Having had kids who played soccer in organized leagues and other more “American” sports in more pick-up fashion, I would add that in soccer even the best players rely on skills that most normal people can develop. Soccer stars are not freaks of nature, standing 6’5″+ and 250 to 310 lbs. with unnatural speed and agility for a human of that size. The best soccer player in the world, Lionel Messi, is a mere 5’6″ and 140 lbs. and he does not have blazing speed. Instead he is tough, gritty and highly skilled in soccer fundamentals , something any kid… Read more »

PRCD
PRCD
Reply to  JohnTyler
3 years ago

Ilkka Kokkarinen had the best take on Soccer in “The Wingnut Musings” Waiting for Goalot Sure, soccer is fun for children and amateur adults to play casually together since it doesn’t require complex equipment or fields, and the game scales smoothly to various skill levels and number of players. But as an actual professional sport, just forget it. Every time that I have tried to watch soccer on TV, I have felt deep sadness for the players trapped in this Sartrean hell for the unending frustration they must feel when everything that they try to do is inherently doomed to… Read more »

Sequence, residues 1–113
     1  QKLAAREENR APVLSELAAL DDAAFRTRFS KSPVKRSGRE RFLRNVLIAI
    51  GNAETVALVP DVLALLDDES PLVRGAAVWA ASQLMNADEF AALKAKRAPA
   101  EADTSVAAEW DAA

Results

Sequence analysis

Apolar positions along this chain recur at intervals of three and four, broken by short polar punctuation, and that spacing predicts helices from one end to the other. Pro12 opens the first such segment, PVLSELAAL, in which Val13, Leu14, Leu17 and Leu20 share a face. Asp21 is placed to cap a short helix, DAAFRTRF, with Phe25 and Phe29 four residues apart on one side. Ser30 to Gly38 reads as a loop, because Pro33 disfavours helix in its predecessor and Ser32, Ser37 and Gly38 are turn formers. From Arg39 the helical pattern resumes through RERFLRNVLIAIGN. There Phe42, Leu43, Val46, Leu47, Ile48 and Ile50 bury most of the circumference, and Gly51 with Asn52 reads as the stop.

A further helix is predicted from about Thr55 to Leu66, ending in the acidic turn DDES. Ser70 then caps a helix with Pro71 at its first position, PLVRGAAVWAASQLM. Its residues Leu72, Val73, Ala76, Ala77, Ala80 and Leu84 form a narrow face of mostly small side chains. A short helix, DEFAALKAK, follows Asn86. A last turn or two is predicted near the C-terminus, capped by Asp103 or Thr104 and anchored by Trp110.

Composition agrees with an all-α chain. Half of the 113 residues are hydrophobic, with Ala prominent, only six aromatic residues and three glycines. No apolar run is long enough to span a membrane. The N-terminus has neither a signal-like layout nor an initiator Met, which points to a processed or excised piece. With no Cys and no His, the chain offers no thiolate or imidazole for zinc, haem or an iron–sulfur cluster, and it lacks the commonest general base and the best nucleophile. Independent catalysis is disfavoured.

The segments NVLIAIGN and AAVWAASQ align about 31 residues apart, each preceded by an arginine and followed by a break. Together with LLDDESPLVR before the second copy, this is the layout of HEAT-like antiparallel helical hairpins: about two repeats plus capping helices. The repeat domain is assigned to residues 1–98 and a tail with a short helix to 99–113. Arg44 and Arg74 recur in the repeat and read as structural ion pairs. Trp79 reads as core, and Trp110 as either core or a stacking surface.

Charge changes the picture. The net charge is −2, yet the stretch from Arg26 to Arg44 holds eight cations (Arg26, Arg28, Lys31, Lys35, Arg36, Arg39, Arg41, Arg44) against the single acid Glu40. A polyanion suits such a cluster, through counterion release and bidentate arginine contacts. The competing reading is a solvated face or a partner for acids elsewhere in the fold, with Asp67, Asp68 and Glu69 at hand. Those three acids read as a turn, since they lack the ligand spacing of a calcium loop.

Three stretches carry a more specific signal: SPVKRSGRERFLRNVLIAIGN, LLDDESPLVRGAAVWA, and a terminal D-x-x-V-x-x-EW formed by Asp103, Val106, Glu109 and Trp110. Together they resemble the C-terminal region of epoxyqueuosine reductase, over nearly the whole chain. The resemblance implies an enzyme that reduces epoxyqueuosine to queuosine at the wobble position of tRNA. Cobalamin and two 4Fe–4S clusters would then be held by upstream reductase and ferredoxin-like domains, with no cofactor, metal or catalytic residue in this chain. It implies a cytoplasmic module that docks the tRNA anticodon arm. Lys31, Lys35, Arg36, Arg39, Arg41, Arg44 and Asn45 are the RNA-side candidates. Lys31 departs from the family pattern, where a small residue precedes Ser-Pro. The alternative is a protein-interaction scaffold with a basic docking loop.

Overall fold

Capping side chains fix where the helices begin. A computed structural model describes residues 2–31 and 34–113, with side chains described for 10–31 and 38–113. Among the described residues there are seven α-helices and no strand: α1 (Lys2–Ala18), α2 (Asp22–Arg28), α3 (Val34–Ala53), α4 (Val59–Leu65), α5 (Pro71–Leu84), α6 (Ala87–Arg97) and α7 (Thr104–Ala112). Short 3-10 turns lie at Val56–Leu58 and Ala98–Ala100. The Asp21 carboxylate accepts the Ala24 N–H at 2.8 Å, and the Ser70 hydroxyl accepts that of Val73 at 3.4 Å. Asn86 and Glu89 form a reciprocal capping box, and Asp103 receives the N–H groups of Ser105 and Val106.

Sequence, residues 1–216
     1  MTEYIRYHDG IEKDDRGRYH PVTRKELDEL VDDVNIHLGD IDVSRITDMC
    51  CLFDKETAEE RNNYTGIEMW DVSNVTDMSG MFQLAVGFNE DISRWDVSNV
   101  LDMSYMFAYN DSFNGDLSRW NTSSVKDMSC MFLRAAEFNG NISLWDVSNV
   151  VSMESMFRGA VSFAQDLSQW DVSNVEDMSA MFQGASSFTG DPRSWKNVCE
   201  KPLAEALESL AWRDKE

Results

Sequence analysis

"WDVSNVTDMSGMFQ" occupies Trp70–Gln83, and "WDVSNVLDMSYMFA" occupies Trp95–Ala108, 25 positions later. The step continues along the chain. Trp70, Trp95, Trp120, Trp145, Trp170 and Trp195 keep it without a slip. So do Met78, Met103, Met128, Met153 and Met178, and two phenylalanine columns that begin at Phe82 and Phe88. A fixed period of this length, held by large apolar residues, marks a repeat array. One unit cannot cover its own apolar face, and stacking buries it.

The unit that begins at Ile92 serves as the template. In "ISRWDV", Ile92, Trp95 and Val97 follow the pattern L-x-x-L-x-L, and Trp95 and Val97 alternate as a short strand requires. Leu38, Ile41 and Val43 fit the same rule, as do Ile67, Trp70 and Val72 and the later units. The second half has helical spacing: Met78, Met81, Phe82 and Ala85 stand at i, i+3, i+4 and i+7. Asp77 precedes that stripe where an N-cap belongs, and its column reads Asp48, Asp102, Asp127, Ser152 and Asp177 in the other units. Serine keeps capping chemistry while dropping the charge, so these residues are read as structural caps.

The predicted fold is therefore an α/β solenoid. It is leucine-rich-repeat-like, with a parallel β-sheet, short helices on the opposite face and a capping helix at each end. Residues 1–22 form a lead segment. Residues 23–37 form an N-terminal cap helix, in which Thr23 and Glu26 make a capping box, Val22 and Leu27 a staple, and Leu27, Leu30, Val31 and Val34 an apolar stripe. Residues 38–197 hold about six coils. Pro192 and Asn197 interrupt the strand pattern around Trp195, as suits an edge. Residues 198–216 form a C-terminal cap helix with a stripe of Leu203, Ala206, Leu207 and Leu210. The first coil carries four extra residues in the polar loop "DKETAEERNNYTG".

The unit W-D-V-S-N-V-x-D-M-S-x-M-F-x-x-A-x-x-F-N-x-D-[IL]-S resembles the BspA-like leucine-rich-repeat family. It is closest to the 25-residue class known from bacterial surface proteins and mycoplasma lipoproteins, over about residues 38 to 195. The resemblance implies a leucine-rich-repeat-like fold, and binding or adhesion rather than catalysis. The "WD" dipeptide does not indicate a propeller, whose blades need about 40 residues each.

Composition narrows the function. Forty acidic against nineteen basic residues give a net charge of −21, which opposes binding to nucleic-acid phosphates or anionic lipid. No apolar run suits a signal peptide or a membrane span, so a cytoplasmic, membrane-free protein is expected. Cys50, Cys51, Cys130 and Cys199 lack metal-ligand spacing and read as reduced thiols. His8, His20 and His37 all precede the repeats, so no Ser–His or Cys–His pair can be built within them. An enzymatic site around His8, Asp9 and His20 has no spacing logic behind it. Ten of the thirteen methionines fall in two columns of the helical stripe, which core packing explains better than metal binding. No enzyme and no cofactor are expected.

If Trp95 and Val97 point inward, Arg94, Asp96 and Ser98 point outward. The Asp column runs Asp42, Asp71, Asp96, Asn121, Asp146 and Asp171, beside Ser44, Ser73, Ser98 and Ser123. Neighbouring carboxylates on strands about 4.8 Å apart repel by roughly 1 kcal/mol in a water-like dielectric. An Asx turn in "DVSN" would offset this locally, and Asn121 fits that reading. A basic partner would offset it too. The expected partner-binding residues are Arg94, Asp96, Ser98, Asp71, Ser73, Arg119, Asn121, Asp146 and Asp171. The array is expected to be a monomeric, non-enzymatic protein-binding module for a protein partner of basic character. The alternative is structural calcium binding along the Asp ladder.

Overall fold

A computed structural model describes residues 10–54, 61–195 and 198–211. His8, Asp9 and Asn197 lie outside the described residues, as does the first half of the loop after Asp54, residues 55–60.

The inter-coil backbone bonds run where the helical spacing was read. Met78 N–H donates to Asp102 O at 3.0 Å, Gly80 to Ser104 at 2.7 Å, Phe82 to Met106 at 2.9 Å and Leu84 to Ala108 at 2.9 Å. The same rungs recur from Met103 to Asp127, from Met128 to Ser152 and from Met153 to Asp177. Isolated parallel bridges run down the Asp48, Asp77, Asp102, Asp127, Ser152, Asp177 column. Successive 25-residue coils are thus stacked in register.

Ganderson
Ganderson
3 years ago